The game also includes a variant called achievements: at the beginning of the game, draw 3 achievements and place them out: there are 3 tiles for each achievement, and you place the highest value on top (in a 2player game, use only the top 2 tiles for each achievement). They’re all different: some require you to get a certain amount of animal houses/enclosures, some require you to connect rivers, etc. On your turn when you have met an achievement take the topmost tile of that achievement (and don’t forget, you may only have one of each achievements in a game) and you will score those points at the end.

These are the objectives you can use in the game, and they’re great.

Is it any good?

In a sea of tile laying games with very little player interaction (yes, I see you looking at me Karuba), it becomes hard to stand out. You have to offer something new, or really have solid mechanics that make the game really accessible and fun. With so many games coming out each and every week, and so many of them being good but not great, where does a game like Bärenpark fit in?

Bärenpark doesn’t reinvent the wheel, but what it does is polish it down to simple mechanics and extremely engaging gameplay. It is so easy to learn and even easier to play. It takes the concept of Patchwork, but while in that game players can take their time, theres a sense of urgency to Bärenpark that I really enjoy. You feel like you need to race to get the animal houses before they lose value, or to get the unique enclosures before they’re gone, or to be the first to finish a park area and get the higher value bear statue, or be the first to get that objective, or even be the first to finish and end that game. It’s a mechanic that really works well, and even though finishing first doesn’t guarantee you the win, it sure helps!

I really like the mechanic of playing just one tile, and no bonuses or anything to let you play extras. It really makes everyone on a very similar playing field and that also means it scales well between all player counts. You add more tiles for more players and you always run out of a few stacks by the end no matter the player count. Theres also enough bear statues to go around, so everyone can finish all their park tiles (if you can!)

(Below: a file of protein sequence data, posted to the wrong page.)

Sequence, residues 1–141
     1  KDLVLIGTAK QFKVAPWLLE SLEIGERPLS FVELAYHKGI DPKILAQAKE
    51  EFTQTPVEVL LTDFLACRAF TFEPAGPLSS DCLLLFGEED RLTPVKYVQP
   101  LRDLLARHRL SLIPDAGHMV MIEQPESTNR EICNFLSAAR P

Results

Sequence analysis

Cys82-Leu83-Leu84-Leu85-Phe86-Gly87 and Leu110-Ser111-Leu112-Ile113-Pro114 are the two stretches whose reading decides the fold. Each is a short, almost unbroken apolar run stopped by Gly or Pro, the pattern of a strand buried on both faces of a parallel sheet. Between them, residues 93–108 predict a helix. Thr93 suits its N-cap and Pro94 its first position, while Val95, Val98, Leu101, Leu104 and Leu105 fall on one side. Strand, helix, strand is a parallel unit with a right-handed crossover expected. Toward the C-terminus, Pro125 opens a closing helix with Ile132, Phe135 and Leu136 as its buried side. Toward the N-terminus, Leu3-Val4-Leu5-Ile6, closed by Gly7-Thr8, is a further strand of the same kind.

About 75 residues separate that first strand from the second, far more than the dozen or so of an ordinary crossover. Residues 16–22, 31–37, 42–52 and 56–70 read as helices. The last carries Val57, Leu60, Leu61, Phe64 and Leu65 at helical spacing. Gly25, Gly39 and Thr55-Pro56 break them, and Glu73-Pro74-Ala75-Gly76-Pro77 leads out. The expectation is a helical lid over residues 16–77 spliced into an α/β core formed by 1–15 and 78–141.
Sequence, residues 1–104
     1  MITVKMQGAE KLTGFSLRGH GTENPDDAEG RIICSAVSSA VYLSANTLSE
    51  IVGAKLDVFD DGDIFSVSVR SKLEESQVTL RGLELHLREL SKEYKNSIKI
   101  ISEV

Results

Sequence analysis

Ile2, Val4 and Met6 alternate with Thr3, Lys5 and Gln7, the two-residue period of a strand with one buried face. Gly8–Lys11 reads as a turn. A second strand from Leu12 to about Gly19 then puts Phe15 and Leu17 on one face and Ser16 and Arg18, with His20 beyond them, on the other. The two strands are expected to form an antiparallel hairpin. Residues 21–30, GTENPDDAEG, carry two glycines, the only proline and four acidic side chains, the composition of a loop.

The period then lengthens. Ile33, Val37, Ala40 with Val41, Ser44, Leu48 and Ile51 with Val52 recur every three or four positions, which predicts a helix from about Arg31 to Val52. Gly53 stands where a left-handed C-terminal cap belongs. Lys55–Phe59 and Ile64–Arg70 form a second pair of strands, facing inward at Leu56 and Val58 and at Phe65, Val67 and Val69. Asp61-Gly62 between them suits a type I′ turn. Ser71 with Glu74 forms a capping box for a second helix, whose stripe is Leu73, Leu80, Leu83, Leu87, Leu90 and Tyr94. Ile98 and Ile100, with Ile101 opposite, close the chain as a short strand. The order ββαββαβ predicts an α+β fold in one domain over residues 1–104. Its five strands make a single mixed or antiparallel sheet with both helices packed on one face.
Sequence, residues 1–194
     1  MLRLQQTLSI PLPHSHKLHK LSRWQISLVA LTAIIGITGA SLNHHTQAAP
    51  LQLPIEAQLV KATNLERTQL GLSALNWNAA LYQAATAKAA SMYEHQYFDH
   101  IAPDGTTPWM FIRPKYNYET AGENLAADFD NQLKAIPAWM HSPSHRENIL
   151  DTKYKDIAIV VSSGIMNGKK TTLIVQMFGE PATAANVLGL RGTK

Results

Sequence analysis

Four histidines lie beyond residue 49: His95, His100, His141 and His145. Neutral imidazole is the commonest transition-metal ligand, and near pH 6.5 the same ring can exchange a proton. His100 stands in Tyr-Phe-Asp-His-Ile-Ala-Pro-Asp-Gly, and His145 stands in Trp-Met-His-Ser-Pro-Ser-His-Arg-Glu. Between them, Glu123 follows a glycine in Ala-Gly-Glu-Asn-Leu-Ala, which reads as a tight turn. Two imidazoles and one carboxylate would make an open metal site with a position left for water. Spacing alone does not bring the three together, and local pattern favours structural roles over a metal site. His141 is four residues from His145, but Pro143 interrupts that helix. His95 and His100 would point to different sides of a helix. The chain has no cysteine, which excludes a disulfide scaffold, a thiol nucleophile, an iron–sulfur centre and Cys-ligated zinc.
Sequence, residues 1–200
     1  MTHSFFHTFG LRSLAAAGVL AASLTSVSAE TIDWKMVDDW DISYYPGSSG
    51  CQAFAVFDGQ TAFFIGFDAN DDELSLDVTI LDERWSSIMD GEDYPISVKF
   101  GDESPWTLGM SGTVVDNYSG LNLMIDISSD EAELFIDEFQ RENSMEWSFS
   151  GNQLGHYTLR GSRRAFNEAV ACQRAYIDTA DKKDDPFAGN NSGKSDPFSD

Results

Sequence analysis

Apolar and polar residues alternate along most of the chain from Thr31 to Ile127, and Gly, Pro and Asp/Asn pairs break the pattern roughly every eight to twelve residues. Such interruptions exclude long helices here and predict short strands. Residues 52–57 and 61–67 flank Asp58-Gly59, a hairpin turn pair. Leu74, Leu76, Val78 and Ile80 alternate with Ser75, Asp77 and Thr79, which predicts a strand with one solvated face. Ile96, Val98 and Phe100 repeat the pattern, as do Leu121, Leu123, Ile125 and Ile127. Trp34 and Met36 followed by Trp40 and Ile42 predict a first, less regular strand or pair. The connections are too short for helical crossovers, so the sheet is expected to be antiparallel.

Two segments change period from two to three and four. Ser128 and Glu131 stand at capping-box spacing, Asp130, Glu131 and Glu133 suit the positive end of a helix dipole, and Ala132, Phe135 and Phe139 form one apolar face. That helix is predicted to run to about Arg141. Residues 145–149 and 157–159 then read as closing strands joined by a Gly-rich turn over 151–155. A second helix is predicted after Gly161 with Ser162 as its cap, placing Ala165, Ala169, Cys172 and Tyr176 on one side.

Got the 3 rivers! Now all we need is another Panda house, but first we gotta expand!

As for the “optional” achievements… I don’t think they’re an option. I really don’t see why you should play without them. They add a layer to the game without any extra difficulty, and just give you ways to score points. They also add a lot of variability and replay value, and just give you more strategy options. Maybe if you’re playing with young kids it might be a little too much, but I recommend playing your first game with it and you’ll be glad you did.

I touched on the components and they’re good. Nothing stands out, but the art is colourful and the bears are cool. Even though Koalas are not bears, I’m happy they included them. It’s still weird to have no wooden components to the game… perhaps even some bear statues would have been cool to put on top of your cardboard ones, but it doesn’t affect gameplay.

As I touched on before… the only real complaint is lack of any player interaction. Yes, you  take tiles before your opponent to get more points, but it’s really your puzzle and no one else can affect it. Even in Patchwork the tiles you buy affect what your opponent can get, or spacing yourself between your opponent can make you more money (buttons?), but it’s really just you in Bärenpark. It’s not the end of the world, but a little interaction would have been nice.

Completing your Bärenpark is satisfying, and this is just a great game overall.

All in all, Bärenpark is great. It takes a well used formula that could have felt stale, yet makes it so accessible and addictive you just can’t help but fall in love. The puzzle gameplay is the best outside of Karuba for me, and the race element is just fantastic. This game was out of print here but it just came back, and after playing it numerous times before I finally got my own copy, and have played it lots of times since. If you love tile laying games or puzzles, or need a quick game that offers lots of strategy, Bärenpark is definitely a game you need to check out.


  • Really quick to learn and to play, and even easier to teach.
  • Engaging Tetris-like gameplay.
  • Scales well between players counts.
  • The achievements are great and theres no need to play without them. Seriously… play with them on your first play!


  • No player interaction, which unfortunately seems typical in this type of game. Why can’t I steal bears from other parks? Wait… I take that back… maybe…